I'm working on an Arduino project, and I'd like to add GPS functionality. I could buy a GPS module, but those are expensive. I had an old Garmin Forerunner 305 lying around, so I took it apart and took a peek inside. There are two PCBs - one connected to a screen and one to the GPS. In addition, there was a battery and a small part for charging.

I'd like to know if it is possible to connect this GPS to my Arduino, and if so, how?

Edited: To make my question more precise,

-I see the pins in the top right of the picture. How do I connect those to my Arduino? Is there any specific kind of wire? Because the pins are too small for standard wires.

-Once I connect it, how do I figure out the voltage requirements and pin layout? I tried googling the GPS model, but nothing helpful came up. What kind of scope should I put on it?

The two pictures below show only the GPS part of the inside of the watch. The GPS PCB

The other side of the GPS

  • 1
    instructables.com/id/Connecting-GPS-module-to-Arduino this could be the exact thing you want. Jan 3, 2016 at 14:45
  • Yes, unless it is a gps that requires software to function, this is probably not one of those. Also you have to deal with voltage levels, 1.8, 3.3, 5.0 and match that to your arduino. ideally put a scope on this one while running to see what the pinout is, or find markings on it (remove the antenna if possible) and search for that.
    – old_timer
    Jan 3, 2016 at 15:29
  • It may be easier to use a lo price "GPS Dongle".
    – Optionparty
    Jan 3, 2016 at 16:37
  • 4
    Cheap GPS modules are only ~10USD; nicer ones are <100USD. You are likely to spend more than 100USD worth of time trying to reverse-engineer that thing.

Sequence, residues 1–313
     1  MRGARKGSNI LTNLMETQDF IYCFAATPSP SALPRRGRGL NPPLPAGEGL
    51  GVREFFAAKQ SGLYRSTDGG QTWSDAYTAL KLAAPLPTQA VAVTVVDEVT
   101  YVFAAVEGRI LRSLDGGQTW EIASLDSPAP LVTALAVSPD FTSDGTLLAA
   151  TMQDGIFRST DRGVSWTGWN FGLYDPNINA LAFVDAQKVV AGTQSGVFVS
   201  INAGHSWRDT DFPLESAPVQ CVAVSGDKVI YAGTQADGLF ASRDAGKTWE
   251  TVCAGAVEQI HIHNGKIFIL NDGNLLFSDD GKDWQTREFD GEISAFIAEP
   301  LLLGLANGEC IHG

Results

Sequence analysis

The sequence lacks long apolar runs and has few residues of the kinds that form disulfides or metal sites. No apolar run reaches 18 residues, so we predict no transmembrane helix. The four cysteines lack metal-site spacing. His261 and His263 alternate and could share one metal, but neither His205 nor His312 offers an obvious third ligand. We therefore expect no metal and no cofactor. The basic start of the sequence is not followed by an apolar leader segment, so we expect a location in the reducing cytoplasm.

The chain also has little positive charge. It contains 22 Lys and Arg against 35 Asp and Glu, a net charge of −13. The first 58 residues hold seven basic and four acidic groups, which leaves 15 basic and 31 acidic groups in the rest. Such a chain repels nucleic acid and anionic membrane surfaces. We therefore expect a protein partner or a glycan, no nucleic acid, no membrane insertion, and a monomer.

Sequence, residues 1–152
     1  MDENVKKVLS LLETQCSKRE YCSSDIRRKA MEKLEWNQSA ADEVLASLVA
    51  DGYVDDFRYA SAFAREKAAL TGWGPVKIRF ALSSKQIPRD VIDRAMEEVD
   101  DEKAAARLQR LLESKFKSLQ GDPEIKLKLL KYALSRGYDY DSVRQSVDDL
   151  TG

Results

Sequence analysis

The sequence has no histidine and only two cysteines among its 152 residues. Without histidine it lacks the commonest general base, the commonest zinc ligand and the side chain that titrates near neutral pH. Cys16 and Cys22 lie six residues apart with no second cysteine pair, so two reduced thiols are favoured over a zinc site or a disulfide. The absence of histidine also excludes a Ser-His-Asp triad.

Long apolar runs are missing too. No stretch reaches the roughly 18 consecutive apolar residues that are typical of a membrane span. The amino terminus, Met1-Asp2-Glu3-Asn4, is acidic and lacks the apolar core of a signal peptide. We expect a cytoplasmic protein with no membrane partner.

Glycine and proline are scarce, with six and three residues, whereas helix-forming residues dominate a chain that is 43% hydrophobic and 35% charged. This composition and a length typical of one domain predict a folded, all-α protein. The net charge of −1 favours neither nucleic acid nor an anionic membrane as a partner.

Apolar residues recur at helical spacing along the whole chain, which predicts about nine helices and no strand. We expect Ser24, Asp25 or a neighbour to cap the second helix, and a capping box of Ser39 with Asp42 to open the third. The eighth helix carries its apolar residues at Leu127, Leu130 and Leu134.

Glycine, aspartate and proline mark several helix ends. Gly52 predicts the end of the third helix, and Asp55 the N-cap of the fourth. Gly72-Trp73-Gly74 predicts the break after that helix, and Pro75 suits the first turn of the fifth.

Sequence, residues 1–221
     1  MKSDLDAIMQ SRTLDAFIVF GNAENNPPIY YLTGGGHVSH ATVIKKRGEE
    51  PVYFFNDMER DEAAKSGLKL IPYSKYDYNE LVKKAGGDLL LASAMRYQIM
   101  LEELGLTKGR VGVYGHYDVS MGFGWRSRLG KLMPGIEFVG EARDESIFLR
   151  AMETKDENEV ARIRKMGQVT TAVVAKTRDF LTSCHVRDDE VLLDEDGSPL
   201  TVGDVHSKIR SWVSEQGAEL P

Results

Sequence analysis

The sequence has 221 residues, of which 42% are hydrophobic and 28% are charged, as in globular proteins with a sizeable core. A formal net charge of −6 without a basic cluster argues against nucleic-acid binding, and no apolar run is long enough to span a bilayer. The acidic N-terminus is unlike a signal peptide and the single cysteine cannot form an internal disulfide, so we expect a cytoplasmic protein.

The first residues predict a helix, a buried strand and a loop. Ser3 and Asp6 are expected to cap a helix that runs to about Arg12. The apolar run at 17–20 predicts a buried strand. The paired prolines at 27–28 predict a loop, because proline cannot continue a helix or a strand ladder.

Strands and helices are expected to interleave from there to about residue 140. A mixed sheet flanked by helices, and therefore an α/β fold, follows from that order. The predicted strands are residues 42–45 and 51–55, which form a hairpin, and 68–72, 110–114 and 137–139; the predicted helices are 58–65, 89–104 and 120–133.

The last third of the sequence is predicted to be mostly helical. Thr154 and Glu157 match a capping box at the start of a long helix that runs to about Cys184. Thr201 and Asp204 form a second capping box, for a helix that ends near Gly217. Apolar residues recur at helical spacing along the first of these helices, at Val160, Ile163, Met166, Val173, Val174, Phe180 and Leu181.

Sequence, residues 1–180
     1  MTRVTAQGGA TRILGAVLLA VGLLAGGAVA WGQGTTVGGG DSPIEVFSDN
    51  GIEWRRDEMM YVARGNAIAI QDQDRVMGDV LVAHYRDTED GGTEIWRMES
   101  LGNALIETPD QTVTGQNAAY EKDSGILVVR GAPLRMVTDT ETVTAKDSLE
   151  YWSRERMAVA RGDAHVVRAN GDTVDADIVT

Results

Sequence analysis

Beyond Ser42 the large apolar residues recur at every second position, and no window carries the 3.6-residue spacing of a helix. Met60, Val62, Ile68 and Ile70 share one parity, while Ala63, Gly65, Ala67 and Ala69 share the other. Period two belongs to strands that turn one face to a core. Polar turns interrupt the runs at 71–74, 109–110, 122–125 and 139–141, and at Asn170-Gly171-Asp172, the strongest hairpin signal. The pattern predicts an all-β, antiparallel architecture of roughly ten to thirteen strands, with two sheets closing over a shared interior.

– uint128_t
    Jan 3, 2016 at 16:56
  • 1
    But reverse engineering it could be fun…
    – dlu
    Jan 6, 2016 at 6:38

2 Answers 2


The short answer is NO, unless you have solid experience with microelectronics.

Finding documentation for a module you take out of a commercial device is hard to impossible. Chances are, that module is specific to Garmin, and even if it isn't, it's certainly EOL by now, with no support whatsoever.

Even if you do find the spec, there is a high chance that you'll have to write a software library to support it on Arduino. Don't expect the supplier to share the code they gave to Garmin.

Finally, to put together and debug this project, you will need quite some equipment:

  • oscilloscope to debug the electrical interface
  • soldering station to solder small pins properly

Like people said in comments, this equipment alone will cost much more than a brand-new GPS receiver.


Yes, interfacing with arduino, PC, ESP8266, whatever, easy peasy. Simple to breakout the serial comms off the Garmin, and whether or not you want to use a logic level shifter (Depending on your RS-232 logic requirements), easy too implement.

I've got a whole bunch of old Garmins (and some new ones) interfaced with some cheapy ESP8266's so I can share the GPS output (All of it. Not just the x,y,z position data), with multiple devices.

I'd be willing to share the code, wiring if you wish.

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